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Geoff Winston

Coming Home: From Destruction to Redemption

Two weeks ago, while guiding a solidarity mission comprised of members of the Stephen Wise Temple of Los Angeles, I received a phone call from an officer of the Home Front Command in the Western Negev. He told me about the plans for Moshav Shokeda – located six kilometers (four miles) from the Gaza border – to return home after being evacuated four months ago.

Although we thought we would be working in abandoned agricultural fields, being that our solidarity missions are meant to support Israel and Israelis in any way possible, we jumped at the opportunity to help with replanting this community.

Thanks to Rabbi Yoshi Zweiback who led the trip, we were able to find and purchase dozens of Israeli flags and poles which we would use to decorate the entrance to the village.

We travelled from Tel Aviv in the morning, arriving at Shokeda.  There we met with some of the village leaders to learn about the village, the residents, the aftermath of October 7th, and our mission.

We were told that about 100 of the 120 families were evacuated on October 7th to a couple of hotels in order to keep the residents safe from the war due to their close proximity to the Gaza border. But now that the security fears from Gaza were dwindling, they decided it was time to come home.

We obtained a couple of very tall ladders that would aid us in hanging flags on the very high lampposts, we hung “welcome home” signs around the moshav, we set up the tables onto which the celebratory food would be served, etc.

Once we finished preparing for the celebrations, the group returned to the bus and traveled but a few kilometers to Kibbutz Kfar Aza. There we met a local resident, who took us on a heartbreaking tour of the kibbutz to see the enormous tragedy of October 7th. Over 60 people from the kibbutz were brutally murdered that day – including the mayor of the regional council, with whom a group I was guiding met last year – and nearly 20 were taken hostage. Walking through the ruins of this once-beautiful kibbutz, one could only imagine what the members of this kibbutz have gone through from October 7th until.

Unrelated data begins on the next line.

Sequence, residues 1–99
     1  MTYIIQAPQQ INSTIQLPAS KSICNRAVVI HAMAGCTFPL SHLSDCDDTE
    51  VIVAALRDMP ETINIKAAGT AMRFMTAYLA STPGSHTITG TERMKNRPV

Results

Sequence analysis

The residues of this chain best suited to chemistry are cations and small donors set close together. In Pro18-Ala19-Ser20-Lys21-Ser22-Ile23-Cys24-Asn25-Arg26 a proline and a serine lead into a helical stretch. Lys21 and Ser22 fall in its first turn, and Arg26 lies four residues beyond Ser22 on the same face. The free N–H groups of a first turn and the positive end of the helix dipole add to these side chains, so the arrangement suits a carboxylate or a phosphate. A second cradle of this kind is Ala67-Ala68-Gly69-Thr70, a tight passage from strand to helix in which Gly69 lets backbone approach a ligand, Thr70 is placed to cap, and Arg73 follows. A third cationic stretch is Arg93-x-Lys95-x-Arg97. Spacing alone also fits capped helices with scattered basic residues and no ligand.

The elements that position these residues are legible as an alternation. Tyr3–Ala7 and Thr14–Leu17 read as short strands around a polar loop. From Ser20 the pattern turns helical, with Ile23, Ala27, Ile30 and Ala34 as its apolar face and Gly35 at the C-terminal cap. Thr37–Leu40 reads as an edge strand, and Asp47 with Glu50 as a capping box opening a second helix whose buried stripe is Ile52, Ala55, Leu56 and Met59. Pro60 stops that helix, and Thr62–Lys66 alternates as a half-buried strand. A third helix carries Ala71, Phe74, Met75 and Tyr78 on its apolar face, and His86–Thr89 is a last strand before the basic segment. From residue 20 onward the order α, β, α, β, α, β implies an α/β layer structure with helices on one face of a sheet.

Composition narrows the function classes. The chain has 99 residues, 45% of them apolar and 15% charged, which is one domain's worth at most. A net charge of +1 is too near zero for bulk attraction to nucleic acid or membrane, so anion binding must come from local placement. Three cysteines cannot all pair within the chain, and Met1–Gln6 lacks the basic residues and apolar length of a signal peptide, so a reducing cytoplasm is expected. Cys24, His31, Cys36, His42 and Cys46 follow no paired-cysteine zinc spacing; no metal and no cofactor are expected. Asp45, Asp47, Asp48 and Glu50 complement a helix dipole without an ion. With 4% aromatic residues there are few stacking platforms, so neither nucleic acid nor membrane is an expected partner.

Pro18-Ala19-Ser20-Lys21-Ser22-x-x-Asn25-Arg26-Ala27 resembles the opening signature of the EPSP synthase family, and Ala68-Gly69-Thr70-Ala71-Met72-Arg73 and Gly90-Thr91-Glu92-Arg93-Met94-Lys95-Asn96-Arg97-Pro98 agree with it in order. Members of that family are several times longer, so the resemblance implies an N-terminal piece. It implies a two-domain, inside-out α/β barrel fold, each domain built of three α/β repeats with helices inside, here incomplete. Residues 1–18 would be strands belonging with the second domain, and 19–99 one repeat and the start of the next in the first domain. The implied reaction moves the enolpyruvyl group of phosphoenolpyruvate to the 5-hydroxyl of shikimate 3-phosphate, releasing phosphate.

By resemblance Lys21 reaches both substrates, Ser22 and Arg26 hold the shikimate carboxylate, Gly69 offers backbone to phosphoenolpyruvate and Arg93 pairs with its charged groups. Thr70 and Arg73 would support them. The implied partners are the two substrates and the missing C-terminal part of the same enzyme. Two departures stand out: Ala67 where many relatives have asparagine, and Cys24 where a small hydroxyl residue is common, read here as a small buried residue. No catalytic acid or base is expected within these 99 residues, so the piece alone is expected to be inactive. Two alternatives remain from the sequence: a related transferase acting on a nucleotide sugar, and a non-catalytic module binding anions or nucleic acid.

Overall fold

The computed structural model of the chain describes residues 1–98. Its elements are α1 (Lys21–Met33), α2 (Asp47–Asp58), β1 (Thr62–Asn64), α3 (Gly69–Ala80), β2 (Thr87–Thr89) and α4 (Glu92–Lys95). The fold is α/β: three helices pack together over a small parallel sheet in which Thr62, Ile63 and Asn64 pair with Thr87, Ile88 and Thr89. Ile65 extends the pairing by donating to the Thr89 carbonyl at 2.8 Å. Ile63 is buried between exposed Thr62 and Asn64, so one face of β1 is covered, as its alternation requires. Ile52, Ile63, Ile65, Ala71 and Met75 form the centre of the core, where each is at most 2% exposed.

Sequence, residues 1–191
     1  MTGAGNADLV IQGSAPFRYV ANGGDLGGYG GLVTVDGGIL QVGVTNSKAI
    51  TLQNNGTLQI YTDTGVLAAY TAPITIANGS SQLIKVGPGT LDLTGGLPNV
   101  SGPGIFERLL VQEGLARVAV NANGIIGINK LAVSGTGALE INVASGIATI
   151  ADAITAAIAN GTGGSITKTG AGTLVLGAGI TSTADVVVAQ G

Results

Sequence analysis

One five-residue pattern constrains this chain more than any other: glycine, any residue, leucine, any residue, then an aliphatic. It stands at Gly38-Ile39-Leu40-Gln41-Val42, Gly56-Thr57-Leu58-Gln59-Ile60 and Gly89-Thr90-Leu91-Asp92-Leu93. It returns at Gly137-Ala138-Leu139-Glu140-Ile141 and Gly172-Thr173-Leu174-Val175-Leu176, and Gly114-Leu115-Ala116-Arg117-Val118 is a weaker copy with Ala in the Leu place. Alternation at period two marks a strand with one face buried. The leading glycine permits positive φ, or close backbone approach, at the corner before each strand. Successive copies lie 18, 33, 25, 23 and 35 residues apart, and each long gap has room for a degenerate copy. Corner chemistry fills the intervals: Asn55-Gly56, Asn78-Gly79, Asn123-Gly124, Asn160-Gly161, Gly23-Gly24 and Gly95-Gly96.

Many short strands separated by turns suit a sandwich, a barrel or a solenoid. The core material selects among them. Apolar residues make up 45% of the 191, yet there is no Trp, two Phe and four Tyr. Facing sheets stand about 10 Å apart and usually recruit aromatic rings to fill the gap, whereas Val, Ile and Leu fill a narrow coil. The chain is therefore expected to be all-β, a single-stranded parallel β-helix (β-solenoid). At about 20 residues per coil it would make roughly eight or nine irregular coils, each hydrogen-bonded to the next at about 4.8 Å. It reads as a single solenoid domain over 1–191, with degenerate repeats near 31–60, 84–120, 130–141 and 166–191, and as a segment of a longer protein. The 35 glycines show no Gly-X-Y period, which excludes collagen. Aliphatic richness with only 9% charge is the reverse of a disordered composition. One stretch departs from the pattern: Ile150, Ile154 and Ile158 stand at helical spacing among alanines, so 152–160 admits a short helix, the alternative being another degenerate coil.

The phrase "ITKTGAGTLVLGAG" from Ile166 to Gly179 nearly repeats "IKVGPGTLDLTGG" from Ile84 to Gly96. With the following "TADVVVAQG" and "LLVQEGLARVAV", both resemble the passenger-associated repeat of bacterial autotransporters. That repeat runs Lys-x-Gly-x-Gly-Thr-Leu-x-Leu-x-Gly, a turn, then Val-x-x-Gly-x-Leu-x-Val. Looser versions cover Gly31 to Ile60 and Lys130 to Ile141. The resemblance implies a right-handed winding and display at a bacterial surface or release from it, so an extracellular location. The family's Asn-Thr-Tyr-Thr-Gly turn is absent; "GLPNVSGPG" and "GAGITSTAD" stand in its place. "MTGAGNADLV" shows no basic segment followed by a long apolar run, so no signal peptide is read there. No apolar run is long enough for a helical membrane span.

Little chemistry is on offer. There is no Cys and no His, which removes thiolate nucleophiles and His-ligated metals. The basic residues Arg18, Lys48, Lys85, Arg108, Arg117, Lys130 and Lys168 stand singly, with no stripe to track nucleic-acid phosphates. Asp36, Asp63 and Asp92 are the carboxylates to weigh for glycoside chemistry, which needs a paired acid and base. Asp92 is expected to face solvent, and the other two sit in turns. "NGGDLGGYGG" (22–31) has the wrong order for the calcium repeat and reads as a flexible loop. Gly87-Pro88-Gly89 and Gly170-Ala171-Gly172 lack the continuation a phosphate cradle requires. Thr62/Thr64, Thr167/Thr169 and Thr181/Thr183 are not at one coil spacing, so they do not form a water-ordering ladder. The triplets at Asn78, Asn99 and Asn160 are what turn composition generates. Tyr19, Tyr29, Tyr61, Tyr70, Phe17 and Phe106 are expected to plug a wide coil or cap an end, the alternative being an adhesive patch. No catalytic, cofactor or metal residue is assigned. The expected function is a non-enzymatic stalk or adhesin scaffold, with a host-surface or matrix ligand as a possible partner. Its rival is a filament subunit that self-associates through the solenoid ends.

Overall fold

When our time at Kibbutz Kfar Aza ended, we returned to Moshav Shokeda. We were greeted by excited residents and soldiers ready to celebrate their return.

Accompanied by loud music, hundreds of people gathered outside of the front gate of the moshav. When the DJ announced the beginning of the celebrations, we al entered the village underneath the chupah (canopy) of a huge Israeli flag.  We paraded into the moshav and were brought to a park, where we stared with a delayed tu b’shvat tree planting ceremony.  The moshav was able to give their thanks to those who deserved it, including the local mayor, the brigadier general in charge of the area, and even our very own Rabbi Yoshi, who organized the donation covering the expenses of the celebration. Yoshi was even asked to give a speech – in Hebrew! – which he did flawlessly.

From there the moshav “finished” their hakafot – dancing with the Torah – that they had started on Simchat Torah on October 7th but were unable to finish.

This was a once-in-a-lifetime experience that we were so happy to be able to take a part of.

To see the gamut of destruction to redemption was something I will not forget.

About the Author
Geoff has been living in Israel for nearly 30 years. He is the Programs Director at Keshet Educational Journeys and is a licensed tour guide through the Ministry of Tourism. Previously, Geoff was a founding staff member of the Keshet (no relation) Democratic School for secular and religious students in his home town of Zichron Yaakov and before that an educator at the Alexander Muss High School in Israel. He is a husband and father of five.
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